The search for bodies in Sunday's plane crash in Nigeria is now over. 153 people aboard and others on the ground died in the accident, which is raising questions about malpractice in the country's aviation industry.
Popular anger in Nigeria against the airline operating the plane, Dana Air, has risen since the crash and the Nigerian government has suspended its licence indefinitely.
Dana Air said the plane had its last safety inspection on May 30 and was certified to fly by Nigerian regulators.
Those regulators have their critics. One of them is Mohammed Jibrin, CEO of PEN Aviation Services, a private aviation consultancy firm in Abuja.
"The truth is that the Nigerian Civil Aviation Authority is not living up to expectations. A lot of things are going wrong within the agency, a lot of sharp practices. The mandatory trainings are not done properly, there are cover-ups," he told DW's Hausa service.
Jibrin also noted there was a haphazard approach to rules and regulations.
"The signing out of an aircraft is done very irregularly, the inspections before importation of aircraft is done very shabbily," he added.
Asked if subscribed to the view that corruption is to blame for what is happening in the Nigerian aviation industry Jibrin replied "Absolutely!".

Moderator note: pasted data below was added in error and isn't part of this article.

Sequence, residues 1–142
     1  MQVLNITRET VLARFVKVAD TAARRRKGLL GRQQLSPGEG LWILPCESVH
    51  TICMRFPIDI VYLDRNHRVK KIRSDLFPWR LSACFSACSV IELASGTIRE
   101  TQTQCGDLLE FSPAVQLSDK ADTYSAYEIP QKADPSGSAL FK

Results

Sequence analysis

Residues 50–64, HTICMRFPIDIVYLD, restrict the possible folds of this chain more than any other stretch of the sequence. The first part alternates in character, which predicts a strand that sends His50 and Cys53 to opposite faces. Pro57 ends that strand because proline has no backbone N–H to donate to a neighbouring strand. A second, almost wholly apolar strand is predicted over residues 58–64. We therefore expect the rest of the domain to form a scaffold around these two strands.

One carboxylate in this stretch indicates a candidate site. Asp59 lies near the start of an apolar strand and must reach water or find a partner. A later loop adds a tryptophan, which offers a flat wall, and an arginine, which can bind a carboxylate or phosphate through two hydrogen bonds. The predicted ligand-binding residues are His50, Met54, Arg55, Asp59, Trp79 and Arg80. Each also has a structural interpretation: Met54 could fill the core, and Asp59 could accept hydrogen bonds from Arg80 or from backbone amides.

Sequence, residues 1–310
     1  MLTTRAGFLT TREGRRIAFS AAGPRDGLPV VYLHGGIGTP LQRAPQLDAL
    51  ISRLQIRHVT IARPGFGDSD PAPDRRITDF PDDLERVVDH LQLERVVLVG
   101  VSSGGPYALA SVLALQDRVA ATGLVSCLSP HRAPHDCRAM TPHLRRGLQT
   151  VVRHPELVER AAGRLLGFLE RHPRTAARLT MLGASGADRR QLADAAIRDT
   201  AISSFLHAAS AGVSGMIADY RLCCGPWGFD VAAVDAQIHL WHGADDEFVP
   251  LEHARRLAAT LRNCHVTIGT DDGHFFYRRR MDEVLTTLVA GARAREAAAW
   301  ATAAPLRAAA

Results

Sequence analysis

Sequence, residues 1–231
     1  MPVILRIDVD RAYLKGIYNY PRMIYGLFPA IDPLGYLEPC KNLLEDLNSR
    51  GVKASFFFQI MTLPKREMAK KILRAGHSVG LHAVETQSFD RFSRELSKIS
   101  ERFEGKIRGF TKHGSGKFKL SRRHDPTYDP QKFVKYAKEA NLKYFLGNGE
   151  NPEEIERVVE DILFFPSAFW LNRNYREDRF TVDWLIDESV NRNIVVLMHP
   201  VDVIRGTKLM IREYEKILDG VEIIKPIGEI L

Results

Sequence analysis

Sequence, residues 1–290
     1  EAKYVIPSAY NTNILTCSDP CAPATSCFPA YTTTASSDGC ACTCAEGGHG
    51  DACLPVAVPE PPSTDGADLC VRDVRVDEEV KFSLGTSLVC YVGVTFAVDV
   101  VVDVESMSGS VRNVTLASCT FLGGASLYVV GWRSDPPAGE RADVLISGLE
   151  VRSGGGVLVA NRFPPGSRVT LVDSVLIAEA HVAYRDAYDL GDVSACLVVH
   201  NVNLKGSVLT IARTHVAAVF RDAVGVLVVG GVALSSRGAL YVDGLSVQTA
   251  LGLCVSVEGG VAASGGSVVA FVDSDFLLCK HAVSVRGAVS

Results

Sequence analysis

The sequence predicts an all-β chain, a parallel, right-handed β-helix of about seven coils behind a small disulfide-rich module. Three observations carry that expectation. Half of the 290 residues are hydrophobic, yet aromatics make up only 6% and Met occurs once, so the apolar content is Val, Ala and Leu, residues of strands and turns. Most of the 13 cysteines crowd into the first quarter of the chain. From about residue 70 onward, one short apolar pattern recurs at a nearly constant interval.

Joanthan pledges to improve air safety record
The Congress for Progress Change (CPC) is a Nigerian political party, whose candidate Muhammadu Buhari came second in the presidential elections in April 2011 that were won by Goodluck Jonathan.
In a statement to local media in the aftermath of Sunday's crash, the CPC lashed out at the ruling PDP party blaming "pervasive corruption of successive PDP-led governments" for best practices being "circumvented at will by airline operators."
The CPC concluded "The result of these infractions is what we witness with air disasters."
President Jonathan visited the crash scene on Monday and pledged to improve the country's patchy air safety record.
Full radar coverage
Nigeria has tried to redeem its aviation image in recent years saying it now has full radar coverage of the entire country. But Mohammed Jibrin stresses that this can only be part of the solution.
"Total radar coverage does not include the servicing of aircraft engines. It does not include training or retraining of pilots." he says.
Investigators said they were not concerned with the age of the plane, but how well it was maintained
The Nigerian Senate has recommended that the director general of the Nigerian Civil Aviation Authority, Harold Demuren, step down. Jibrin says "The buck stops at Demuren's desk. He should vacate the seat and allow somebody more competent, more ready to do the job, take over."
The cause of the crash on a sunny, clear Sunday afternoon remains unclear. The crew radioed the tower that they had engine trouble shortly before the plane went down. Emergency workers have recovered both the flight data recorder and the cockpit voice recorder.
It appears to be Nigeria's worst airline disaster since September 1992, when a military transport plane crashed into a swamp shortly after taking off from Lagos killing all 163 people on board.